Bedding as a risk factor?
The recent inaugural meeting of the Boehringer Ingelheim Milk Quality Academy played host to practitioners, academics and opinion leaders from across Europe. Formed as a group to share learnings and the latest research, the MQA was attended by three UK and Irish vets, one being Jonny Duncan of Willows Farm Animal Veterinary Practice in Cheshire. Here, Mr Duncan reviews two of the talks and outlines some key take-home messages for practitioners.
The effect of bedding substrate on mastitis incidence varies from farm to farm, with even supposed low-risk bedding materials having potential to harbour bacteria when badly managed. However, according to a recent study across 125 farms, there is no or limited affect of bedding type on somatic cell count or clinical mastitis levels, vet Andrew Bradley told the meeting.
The study compared recycled manure solids, sand and sawdust beds managed in their normal way. There was a large variation in bacterial counts across all bedding types, showing that management practices are generally more important than bedding type.
Listeria spp. was found in sand bedding, despite sand beds often believed to present the lowest risk of bacterial infection. There was also no obvious correlation between bedding substrate and total bacterial count in milk, with teat preparation routine having more effect on bacterial counts. This was particularly noticeable in the impact of pre-milking teat dip on reducing Strep. uberis cases.
Mr Bradley added that a controlled trial at Newton Rigg college, which compared deep RMS, deep sand, shallow sawdust and shallow RMS all managed ‘normally’, found bacterial counts were highest in shallow RMS.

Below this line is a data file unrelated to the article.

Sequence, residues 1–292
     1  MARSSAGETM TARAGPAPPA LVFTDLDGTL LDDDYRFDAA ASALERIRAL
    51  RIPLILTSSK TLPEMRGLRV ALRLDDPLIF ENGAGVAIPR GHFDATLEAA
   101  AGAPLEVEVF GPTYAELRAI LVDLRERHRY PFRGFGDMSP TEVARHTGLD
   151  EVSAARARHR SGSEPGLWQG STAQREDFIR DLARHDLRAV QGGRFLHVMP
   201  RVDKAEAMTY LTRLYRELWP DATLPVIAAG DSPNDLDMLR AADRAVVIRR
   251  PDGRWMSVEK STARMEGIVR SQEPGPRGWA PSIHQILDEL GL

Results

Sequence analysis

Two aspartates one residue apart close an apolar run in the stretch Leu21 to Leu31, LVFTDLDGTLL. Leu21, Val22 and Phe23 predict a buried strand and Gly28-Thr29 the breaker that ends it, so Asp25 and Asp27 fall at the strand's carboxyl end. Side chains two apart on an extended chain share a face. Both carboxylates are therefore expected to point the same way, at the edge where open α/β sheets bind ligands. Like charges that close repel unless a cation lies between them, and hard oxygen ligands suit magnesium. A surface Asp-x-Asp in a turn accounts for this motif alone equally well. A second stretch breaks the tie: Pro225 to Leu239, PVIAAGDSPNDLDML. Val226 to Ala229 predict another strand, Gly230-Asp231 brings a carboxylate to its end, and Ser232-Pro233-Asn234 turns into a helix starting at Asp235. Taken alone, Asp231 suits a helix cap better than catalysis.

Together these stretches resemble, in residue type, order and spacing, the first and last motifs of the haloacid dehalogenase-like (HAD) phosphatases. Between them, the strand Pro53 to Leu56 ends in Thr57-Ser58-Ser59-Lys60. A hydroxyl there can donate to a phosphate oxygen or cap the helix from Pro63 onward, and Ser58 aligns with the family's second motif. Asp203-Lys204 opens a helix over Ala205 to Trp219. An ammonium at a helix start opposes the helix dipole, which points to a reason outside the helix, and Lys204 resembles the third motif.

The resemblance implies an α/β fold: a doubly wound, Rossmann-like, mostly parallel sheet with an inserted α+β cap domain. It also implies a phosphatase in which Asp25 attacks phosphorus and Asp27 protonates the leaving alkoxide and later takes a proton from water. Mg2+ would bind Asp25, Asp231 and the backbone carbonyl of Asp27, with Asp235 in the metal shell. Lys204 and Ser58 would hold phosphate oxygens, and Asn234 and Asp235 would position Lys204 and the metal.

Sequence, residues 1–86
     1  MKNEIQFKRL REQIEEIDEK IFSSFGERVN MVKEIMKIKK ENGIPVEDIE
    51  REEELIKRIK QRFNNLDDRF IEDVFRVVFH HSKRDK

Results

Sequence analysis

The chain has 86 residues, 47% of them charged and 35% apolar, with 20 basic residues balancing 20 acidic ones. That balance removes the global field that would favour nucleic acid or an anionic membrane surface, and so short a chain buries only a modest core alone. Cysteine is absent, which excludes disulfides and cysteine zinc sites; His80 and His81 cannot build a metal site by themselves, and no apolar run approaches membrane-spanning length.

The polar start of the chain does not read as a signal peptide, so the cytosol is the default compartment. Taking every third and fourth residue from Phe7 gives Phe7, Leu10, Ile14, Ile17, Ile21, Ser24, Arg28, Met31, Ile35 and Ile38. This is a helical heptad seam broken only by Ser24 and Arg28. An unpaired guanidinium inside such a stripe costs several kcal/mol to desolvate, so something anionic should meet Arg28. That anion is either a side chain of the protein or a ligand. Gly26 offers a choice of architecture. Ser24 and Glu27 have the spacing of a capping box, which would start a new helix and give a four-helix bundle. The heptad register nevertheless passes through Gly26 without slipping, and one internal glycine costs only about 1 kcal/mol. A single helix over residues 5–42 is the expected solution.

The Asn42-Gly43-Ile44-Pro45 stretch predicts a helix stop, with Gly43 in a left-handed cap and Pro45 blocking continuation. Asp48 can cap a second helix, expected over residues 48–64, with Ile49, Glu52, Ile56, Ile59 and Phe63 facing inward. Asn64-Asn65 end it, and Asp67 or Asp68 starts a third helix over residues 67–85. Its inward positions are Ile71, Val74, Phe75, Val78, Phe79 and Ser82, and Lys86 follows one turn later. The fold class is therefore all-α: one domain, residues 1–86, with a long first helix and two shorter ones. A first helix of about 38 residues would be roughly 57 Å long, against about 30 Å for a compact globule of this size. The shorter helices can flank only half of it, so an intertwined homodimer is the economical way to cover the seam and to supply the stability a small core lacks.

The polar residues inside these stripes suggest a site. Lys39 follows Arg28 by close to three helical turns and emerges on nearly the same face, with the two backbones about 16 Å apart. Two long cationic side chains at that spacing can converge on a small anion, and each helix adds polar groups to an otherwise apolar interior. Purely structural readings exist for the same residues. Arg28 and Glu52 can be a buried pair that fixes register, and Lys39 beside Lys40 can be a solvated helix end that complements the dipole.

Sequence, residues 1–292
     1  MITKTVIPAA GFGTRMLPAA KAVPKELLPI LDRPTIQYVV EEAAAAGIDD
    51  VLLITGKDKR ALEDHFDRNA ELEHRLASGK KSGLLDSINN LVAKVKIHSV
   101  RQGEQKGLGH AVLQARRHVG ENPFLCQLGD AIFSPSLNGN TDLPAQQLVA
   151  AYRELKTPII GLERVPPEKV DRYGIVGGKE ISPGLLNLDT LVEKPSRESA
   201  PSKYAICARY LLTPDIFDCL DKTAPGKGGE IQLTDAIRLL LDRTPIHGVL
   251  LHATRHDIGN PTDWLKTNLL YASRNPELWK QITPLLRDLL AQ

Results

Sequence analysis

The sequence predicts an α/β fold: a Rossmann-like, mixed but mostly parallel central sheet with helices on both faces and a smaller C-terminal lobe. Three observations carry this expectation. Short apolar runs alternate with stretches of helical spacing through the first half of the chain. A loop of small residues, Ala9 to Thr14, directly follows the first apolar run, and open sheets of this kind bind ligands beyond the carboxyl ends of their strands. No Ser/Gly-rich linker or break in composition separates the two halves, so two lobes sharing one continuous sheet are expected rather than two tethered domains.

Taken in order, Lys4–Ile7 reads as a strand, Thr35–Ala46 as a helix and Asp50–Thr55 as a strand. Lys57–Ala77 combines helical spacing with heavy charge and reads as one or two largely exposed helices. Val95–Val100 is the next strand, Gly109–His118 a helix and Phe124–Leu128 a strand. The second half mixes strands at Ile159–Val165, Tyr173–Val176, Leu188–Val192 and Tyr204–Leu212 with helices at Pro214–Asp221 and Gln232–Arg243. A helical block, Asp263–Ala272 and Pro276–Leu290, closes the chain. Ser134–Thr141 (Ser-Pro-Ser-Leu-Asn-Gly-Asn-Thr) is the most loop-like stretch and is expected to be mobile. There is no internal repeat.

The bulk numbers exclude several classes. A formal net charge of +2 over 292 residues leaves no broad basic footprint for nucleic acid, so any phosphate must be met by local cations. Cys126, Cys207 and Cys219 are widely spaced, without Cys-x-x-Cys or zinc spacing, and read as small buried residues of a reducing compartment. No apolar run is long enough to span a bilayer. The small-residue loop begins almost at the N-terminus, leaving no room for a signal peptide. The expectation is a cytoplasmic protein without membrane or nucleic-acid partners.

Bacterial counts were lowest in sawdust. Additionally, sawdust resulted in fewer new infections in this study. However, clinical mastitis levels are low in this herd anyway, so the results for this part of the study aren’t significant. Interestingly, there was however a trend towards higher clinical rates in herds bedded on RMS.
This was a thought-provoking and interesting study to hear about in more detail, as it often seems that we switch from one fashionable bedding type to another, with no real scientific or proven reason. The fact that management is clearly half the story is important and will impact on client discussions.
Marketing mastitis management services
In addition to looking at the clinical side of mastitis prevention and control, Bill May from XL Vet practice Lambert, Leonard and May said vets needed to be pro-active when it comes to marketing mastitis management services to their clients. This needs to be well thought out and targeted at both existing and potential new customers.
With existing customers, it may be a case of familiarising them more fully with your available services and ensuring they know that you’re interested in helping them, and not just selling them a service, he said.
Stressing this point, Mr May argued that everything a vet does can be construed as marketing. Just showing an interest in their current mastitis infection rate is a form of marketing, as it makes the customer aware that you’re on the ball.
Equally, make sure your customers know the full range of services you offer, he adds. They will already know that you can provide dry cow therapy antibiotics and troubleshooting services. However, they may not be fully aware of the ongoing monitoring and dairy mastitis control plan work you can do with them to tackle underlying issues and limit the effects of mastitis on their herd.
It really does come down to awareness and ongoing relationships, he added.
One of the main messages to incorporate into daily practitioner life is that our customers are busy people. They may not have the time to investigate the services you offer fully. Targeted marketing and communications can help both you and them in the long-term.